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United World Muay Thai Association

Brazilian Jiu-jitsu

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Brazilian Jiu-jitsu
Lesson One


What Is Brazilian Jiu-jitsu

Martial Arts Discipline

If you have followed a bit of MMA fights, then it doesn't take long for you to meet the term Brazilian Jiu-jitsu (BJJ). One good reason for this is because BJJ simply works as a martial arts. There are plenty of other forms of martial arts that may look flashy or have been romanticized by films but often crumbles when it's acid tested. This is not the case for BJJ, as it's already tested on a sporting arena and continues to pass with flying colors.

As the word spreads on how effective BJJ is, more and more people are asking - what is Brazilian Jiu-jitsu? Well, that's what you are going to learn in this article.

What Is Brazilian Jiu-jitsu?

The roots of BJJ can be traced back to Japan. In fact, the term Jiu-jitsu is a Japanese term. The term "jiu" or "jū" means gentle. The term "jitsu" or "jutsu" means art. Hence, you can say that Jiu-jitsu can be loosely translated to "gentle art."

BJJ is an evolution of the traditional jiu-jitsu, which is now a martial art with a heavy emphasis on fighting on the ground. It aims to unify different principles of timing, pressure, angles, and leverage. It also incorporates a deep understanding of human anatomy. With all of these combined, it aims to submit the opponent in a non-violent way.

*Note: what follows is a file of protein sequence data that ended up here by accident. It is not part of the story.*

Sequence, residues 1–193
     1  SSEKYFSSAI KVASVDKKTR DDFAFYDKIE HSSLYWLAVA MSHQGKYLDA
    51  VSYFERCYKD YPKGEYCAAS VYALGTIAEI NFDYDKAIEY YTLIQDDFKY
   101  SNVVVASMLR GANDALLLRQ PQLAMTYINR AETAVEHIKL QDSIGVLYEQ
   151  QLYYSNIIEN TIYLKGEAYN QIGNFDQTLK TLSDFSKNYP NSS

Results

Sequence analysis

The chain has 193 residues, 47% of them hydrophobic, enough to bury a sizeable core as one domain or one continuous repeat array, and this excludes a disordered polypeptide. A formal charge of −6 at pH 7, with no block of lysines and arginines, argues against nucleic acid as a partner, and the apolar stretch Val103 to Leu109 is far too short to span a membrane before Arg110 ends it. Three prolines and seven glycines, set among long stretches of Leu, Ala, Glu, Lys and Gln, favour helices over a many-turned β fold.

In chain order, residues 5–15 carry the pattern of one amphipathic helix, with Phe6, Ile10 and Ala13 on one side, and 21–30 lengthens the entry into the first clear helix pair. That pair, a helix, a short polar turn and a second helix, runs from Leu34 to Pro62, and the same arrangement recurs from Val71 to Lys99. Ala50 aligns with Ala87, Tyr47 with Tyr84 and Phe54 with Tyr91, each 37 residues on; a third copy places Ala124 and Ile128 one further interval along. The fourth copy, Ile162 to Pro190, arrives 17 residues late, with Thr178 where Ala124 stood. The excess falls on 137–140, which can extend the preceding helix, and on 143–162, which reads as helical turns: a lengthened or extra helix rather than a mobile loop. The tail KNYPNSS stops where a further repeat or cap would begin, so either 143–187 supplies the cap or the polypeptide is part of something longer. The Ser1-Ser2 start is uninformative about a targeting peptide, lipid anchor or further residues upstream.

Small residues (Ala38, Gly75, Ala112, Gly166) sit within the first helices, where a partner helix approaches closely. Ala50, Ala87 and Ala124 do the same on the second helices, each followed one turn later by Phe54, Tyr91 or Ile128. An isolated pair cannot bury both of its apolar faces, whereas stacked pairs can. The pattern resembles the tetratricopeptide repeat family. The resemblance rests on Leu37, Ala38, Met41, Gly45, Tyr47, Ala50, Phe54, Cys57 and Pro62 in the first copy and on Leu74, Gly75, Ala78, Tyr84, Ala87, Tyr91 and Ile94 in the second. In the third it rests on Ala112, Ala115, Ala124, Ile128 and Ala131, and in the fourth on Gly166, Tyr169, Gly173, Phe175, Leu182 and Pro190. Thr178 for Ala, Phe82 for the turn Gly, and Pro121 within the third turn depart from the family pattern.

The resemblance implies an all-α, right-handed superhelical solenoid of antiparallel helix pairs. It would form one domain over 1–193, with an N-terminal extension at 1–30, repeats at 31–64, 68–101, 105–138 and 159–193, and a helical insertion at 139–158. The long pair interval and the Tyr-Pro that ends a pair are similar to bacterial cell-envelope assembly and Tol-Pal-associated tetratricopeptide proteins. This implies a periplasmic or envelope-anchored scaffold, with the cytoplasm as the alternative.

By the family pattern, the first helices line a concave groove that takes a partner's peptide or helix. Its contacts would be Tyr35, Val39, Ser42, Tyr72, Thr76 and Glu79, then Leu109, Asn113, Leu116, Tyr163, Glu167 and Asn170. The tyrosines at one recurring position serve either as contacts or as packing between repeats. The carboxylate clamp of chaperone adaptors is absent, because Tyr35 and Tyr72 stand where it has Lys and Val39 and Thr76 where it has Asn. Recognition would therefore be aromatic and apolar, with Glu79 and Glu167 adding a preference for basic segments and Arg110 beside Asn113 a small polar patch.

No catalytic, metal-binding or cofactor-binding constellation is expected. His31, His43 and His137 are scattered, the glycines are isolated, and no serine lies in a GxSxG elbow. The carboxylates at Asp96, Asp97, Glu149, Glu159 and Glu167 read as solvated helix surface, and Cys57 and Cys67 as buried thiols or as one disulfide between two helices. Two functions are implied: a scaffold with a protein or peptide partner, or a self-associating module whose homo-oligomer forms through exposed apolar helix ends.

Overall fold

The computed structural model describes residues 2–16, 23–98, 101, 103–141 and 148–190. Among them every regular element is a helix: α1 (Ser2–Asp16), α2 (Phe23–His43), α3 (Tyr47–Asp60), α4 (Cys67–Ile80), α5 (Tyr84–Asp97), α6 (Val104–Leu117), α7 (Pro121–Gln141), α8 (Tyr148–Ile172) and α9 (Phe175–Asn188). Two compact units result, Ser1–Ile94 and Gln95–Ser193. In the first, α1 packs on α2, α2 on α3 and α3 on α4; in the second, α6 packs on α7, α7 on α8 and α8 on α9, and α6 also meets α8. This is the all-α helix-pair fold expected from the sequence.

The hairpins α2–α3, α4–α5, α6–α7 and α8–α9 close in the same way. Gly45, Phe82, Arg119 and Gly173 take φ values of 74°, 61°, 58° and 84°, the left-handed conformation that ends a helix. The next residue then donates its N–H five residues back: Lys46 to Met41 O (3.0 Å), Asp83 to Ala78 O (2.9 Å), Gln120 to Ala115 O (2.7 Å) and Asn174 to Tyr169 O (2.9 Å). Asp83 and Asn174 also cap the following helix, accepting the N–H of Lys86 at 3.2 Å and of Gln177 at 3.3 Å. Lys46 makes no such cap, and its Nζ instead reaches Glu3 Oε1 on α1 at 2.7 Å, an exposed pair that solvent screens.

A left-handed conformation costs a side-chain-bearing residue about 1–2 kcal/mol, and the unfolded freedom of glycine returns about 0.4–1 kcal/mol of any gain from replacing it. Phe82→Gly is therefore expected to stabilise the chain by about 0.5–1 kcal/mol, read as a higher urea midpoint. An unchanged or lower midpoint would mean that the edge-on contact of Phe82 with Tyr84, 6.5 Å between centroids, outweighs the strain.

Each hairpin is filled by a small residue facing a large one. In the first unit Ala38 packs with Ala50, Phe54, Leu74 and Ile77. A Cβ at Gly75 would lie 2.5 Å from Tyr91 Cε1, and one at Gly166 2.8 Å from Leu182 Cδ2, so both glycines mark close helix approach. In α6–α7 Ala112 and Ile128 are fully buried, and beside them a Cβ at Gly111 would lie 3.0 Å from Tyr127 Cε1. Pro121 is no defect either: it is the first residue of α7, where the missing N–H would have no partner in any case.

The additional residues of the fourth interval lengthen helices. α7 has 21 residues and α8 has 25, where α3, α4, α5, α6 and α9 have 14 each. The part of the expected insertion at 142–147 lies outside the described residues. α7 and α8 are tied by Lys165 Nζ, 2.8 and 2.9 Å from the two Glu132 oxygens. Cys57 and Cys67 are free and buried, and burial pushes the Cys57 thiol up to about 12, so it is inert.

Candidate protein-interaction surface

Most martial arts tend to emphasize striking and kicking. On the other hand, BJJ focuses on close quarter-quarter ground combat, also known as "grappling." For a BJJ practitioner, grappling techniques, joint manipulations, and chokes are the primary tools.

History Of Brazilian Jujitsu

The judo and jiu-jitsu aspect of BJJ was imported from Japan to South America during the early 1900s. It was then evolved into a new style known today as BJJ by Brazilian pioneers.

Before reaching Brazil, jiu-jitsu's roots are believed to date back for thousands of years. There are multiple theories that attempt to pinpoint its history, but most will agree that it can be traced back to the Buddhist monks in India around 4,000 years ago.

Buddhist monks lean on non-violence, and yet they still need protection during their travels. Jiu-jitsu is said to be the result of incapacitating opponents without the need to inflict harm. The said martial art then spread to feudal Japan, which was then evolved to an effective hand-to-hand combat style during the warring years of the country.

Some experts would even argue that its origins are much older, pointing out that the earliest forms of the said martial arts could be traced back to ancient Greece and Egypt.

By 1915, Mitsuyo Maeda, a world-famous Japanese judoka practitioner, arrived in Brazil. Soon after, he started giving demonstrations and started teaching judo and jiu-jitsu, which was considered as one discipline in Brazil rather than two separate martial arts in Japan.

Three of Maeda's early students, Luiz Franca, Carlos Gracie, and Helio Gracie, then founded the new martial arts popularly known today as Brazilan Jiu-jitsu. Each of these three has contributed by improving and developing existing techniques as well as creating new ones.